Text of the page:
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Raflatac Releases RFID Tags With Built-In EAS
Optimized for retail applications, the EPC Gen 2 tags are designed to be read equally well from all directions—even on densely stacked garments—and have an electronic article surveillance function that can be switched on and off.
However, Lutz adds, there are still some physical challenges in using the EAS function with an EPC Gen 2 reader. Because of the tags' greater read range, there is the potential of capturing EAS reads from products in the store located near the reader, inadvertently setting off the alarm. While high-frequency (HF) RFID tags frequently use EAS functions—in libraries, for instance—the read range is usually a matter of only 1 to 2 meters. With UHF, he notes, the read range is considerably more, "so specific measures need to be taken to constrain the read area."
EPCglobal's EAS Joint Requirements Group, which includes NXP and Checkpoint Systems, is working to define the requirements of EAS systems in retail using EPC technology, including ways to restrain an RF field.
Strömberg says there are several end users in the apparel industry intending to utilize the UPM Raflatac tags, but he declines to release their names. Other tag manufacturers have developed a hybrid system incorporating an RFID inlay and EAS inlay in one tag. These include Checkpoint, which released the Evolve tag in spring 2007 (see Checkpoint Combines EAS Tags With RFID), though the EAS function on that model can not be reactivated once it is turned off.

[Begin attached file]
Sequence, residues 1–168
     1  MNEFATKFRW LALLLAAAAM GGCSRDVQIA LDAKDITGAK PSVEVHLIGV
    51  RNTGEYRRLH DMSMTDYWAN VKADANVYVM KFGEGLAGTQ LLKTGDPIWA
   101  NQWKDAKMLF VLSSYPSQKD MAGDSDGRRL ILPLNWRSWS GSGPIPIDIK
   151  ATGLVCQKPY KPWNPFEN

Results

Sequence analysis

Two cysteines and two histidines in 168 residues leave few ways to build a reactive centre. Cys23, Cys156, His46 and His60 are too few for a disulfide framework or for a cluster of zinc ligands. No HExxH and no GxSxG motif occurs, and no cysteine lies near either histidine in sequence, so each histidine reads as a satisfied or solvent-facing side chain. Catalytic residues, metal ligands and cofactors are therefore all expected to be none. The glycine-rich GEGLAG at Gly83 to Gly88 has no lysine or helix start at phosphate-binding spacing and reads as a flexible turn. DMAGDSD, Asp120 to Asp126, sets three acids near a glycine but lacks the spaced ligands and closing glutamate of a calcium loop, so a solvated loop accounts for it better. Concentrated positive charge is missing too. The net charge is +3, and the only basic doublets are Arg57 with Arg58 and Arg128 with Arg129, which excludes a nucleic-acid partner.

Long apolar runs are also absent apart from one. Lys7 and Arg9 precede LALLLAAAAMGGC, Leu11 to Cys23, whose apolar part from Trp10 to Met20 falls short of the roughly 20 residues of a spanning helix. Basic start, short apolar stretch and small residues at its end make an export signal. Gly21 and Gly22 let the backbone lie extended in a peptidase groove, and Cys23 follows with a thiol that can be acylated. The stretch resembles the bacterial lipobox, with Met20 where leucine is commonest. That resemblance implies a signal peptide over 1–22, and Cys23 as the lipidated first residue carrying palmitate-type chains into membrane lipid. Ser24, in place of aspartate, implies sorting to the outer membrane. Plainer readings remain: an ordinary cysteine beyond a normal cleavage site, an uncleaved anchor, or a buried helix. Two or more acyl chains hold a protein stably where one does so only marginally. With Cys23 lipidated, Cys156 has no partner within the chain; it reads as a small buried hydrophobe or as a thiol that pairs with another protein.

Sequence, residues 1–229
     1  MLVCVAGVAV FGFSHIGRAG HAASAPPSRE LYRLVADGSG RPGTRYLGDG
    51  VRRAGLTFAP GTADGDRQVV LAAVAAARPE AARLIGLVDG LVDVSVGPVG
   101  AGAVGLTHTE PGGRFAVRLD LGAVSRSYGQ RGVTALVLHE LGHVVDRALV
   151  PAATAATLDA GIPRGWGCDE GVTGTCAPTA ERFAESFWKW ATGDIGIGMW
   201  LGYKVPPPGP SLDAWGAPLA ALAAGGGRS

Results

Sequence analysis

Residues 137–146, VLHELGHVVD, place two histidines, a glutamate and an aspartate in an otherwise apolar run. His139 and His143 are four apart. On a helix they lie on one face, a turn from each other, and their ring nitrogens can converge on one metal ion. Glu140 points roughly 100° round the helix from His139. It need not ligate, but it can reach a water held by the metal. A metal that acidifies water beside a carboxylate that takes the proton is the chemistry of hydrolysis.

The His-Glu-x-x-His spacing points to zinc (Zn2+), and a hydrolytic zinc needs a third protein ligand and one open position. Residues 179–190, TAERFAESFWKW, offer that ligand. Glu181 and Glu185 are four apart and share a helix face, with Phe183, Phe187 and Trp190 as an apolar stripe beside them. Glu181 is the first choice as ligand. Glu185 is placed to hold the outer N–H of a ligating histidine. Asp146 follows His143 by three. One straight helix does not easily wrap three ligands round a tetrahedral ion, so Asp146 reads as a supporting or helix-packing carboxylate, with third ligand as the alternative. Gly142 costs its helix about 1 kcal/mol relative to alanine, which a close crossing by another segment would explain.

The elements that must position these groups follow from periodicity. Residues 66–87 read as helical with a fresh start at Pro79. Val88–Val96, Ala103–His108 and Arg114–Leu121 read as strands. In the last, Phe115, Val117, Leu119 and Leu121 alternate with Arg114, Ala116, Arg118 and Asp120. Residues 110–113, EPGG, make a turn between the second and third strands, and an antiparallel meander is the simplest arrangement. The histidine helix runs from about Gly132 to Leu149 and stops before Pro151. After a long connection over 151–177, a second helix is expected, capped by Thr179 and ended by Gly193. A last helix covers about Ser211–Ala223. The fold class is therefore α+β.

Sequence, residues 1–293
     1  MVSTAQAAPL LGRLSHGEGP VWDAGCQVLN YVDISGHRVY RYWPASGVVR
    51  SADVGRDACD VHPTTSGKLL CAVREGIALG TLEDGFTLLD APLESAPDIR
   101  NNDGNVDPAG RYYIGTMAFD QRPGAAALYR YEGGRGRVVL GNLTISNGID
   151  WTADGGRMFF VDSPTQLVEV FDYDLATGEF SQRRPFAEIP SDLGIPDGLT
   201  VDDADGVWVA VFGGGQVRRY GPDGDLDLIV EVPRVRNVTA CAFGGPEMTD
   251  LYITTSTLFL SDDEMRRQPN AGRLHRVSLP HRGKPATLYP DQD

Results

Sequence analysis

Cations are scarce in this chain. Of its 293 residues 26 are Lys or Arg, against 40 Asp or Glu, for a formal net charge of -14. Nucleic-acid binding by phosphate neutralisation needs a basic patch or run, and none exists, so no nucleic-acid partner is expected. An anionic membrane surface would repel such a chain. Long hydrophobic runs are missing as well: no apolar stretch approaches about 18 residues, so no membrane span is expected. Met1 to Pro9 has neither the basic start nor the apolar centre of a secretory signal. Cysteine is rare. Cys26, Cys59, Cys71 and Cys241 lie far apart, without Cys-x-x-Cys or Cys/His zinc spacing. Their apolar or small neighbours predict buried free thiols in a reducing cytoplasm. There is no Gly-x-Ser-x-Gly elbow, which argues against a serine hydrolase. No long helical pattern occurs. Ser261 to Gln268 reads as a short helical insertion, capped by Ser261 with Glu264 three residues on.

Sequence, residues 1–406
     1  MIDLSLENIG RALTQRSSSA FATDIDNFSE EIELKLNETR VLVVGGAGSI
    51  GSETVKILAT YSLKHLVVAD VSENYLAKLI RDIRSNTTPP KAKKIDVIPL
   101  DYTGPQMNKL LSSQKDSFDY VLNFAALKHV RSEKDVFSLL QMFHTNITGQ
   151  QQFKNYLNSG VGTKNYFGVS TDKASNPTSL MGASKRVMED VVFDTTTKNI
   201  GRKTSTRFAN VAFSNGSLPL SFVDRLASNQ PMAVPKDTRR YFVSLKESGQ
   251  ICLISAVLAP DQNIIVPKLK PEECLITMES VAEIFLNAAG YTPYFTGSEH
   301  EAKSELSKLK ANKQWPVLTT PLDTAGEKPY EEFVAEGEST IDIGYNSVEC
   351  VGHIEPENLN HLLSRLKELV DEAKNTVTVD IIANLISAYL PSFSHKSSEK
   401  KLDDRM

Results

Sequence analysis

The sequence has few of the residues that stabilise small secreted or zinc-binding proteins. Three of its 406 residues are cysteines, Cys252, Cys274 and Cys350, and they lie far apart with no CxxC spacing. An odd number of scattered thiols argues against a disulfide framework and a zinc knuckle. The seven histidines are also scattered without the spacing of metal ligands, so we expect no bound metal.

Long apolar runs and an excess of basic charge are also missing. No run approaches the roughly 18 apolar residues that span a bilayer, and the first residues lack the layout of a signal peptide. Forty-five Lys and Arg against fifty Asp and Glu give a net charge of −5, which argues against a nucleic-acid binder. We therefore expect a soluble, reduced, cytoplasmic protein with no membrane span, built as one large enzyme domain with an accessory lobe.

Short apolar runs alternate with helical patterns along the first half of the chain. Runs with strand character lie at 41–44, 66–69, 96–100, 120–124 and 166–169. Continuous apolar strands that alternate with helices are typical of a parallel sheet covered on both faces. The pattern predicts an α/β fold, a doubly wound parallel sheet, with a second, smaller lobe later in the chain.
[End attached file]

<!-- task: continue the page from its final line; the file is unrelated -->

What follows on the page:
"We expect that the first high-volume applications will be found from apparel and footwear, electronics and media [including book retail] end users," Strömberg says.
"The use of additional user memory is normally based on added-value applications that come on top of the normal supply chain use of RFID," Strömberg states. Such added value might include adding an expiration date to the tag (in the case of fresh produce), or details regarding size and color (in the case of clothing). According to Lutz, there are already requests for that added memory from a variety of users, including electronics companies and airlines. In the case of airlines, companies use RFID tags on baggage and seek to encode details about the luggage's origins and destination directly onto the tag.
The new tags are priced around 10 cents, Strömberg says, though the cost varies from below that amount to above it, depending on the product, delivery format and volume. "The products with extra user memory are a little bit more expensive than the products with the EPC-only memory," he adds.
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